Secret history is at least twofold. One part consists in the secret corruptions, the personal lusts, avarices, etc. that scoundrels keep hidden, another part is the “plus,” the constructive urges, a secretum because it passes unnoticed or because no human effort can force it on public attention.
Ezra Pound. Guide to Kulchur 264.
Pound has been rendering the fairly heavy prose of his sources into clearly phrased and measured verse for a flexible speaking voice, a voice inflected with humour or irony or enthusiasm, alert to the moral nuances and complexities of the story, but staying always close to the recorded facts and the implicit viewpoints of the time. He is not writing timeless lyric, but working at recovering what was done in that place at that time, and with a keen awareness that one must act in time.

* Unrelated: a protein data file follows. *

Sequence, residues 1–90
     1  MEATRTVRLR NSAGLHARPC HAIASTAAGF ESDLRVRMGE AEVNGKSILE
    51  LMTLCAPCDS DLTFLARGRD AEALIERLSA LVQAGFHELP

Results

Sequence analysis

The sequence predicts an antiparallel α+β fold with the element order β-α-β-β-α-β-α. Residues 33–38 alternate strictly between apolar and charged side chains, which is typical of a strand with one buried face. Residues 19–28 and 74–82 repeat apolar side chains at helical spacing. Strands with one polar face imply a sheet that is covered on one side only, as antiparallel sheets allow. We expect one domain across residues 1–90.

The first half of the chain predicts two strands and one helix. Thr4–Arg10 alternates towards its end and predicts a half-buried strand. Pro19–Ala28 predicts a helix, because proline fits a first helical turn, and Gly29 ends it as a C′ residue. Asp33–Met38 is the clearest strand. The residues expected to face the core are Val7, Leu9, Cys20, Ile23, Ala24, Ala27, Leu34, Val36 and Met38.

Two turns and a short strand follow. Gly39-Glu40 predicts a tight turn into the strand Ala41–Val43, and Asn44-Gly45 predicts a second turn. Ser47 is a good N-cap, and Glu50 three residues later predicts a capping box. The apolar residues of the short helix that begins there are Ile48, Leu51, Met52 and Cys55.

David Moody. Ezra Pound: Poet. Volume II: The Epic Years, 1921-1939. 216.